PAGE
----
The German Navy obtained HMS Albrighton, a Hunt Type III, which became as recommissioned the school frigate FGS Raule (F217). She entered service on May 14, 1959, assigned to the Naval Underwater Weapons School. From the autumn of 1961, Raule became a cadet training ship. From January 8 to March 17, 1962, she made a training cruise to the Mediterranean with her sister ship F218 Brommy. The latter was damaged in Dover, taking refuge here after being battered by a heavy storm. She stayed behind for repairs in Gravesend. Raule meanwhile carried on via Brest, then Gibraltar, Messina and Piraeus. Both vessels would be reunited off Saloniki. They sailed together via Malta, Gibraltar and Brest, back home (Flensburg), until March 17, 1963.

Raule was decommissioned in May 30, 1962. She was rebuilt until November 2, 1964, at the Howaldtswerke Yard in Hamburg. She received a forward four-tube 375 mm Bofors ASW rocket launcher, and a more modern Breda-Boford 40 mm/70 for self-defence. Her torpedu tubes were also shared by the class 101/101A destroyers, and class F120 frigates and Type 209 submarines. Recommisioned, she became a specialized ASW training ship operating from the western Baltic Sea, alternating between the Kattegat and Skagerrak. She made a cruise to Ireland, Norway and also the Netherlands in between. On December 20, 1967, Raule was decommissioned for good, mothballed then used as a target ship for a short time in 1970-1971. She was scrapped in Hamburg after being almost completely destroyed.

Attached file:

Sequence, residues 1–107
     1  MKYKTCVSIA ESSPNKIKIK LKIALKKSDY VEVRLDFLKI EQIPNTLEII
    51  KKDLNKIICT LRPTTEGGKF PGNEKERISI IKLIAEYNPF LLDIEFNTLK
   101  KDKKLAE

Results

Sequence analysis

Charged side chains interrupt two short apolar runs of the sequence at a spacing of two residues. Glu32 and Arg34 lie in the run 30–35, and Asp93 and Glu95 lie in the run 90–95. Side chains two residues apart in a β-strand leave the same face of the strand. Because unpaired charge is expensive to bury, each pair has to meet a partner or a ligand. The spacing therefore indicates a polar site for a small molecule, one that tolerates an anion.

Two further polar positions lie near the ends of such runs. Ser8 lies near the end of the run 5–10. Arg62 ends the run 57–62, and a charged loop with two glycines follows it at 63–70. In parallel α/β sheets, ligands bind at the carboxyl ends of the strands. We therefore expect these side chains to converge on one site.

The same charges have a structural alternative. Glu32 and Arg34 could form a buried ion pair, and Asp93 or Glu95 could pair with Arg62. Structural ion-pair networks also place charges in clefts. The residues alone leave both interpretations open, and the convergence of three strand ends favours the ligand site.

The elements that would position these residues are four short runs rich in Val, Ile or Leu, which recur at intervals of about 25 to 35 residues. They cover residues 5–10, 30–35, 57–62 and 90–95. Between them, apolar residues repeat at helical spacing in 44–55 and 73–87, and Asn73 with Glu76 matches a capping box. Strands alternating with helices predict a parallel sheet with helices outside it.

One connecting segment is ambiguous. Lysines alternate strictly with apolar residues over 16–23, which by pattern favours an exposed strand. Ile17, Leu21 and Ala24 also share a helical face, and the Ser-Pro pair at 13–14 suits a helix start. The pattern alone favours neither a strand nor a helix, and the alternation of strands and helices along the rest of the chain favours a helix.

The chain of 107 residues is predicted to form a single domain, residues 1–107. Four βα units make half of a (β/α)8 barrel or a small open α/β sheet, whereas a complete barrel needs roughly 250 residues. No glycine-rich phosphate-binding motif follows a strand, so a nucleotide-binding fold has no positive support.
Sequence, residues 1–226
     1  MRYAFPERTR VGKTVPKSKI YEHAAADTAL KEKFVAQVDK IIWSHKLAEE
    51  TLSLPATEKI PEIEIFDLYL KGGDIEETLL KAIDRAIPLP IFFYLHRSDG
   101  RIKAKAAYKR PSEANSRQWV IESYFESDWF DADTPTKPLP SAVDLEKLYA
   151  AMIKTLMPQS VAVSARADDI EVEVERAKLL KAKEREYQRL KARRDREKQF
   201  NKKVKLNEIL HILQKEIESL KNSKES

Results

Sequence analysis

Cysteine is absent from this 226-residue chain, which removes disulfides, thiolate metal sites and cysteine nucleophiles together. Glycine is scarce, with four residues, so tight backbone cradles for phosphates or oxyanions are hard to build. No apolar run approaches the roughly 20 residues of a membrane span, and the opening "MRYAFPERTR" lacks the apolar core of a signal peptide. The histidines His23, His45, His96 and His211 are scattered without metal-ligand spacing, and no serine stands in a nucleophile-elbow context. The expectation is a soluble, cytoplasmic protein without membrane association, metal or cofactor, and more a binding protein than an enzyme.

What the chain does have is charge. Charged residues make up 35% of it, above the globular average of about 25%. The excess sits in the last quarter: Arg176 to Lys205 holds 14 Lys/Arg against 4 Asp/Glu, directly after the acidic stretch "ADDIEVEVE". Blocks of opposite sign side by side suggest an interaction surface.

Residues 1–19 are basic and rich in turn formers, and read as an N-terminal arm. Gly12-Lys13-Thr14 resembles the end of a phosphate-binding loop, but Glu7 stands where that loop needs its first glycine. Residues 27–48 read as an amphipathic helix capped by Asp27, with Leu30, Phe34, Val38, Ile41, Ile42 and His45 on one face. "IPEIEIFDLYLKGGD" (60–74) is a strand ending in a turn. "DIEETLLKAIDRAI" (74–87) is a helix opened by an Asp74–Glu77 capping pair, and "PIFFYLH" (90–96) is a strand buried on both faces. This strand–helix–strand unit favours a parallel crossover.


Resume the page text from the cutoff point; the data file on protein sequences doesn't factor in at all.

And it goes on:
Bofors anti-submarine rocket launchers

F217 Raule underway

Armament (1960)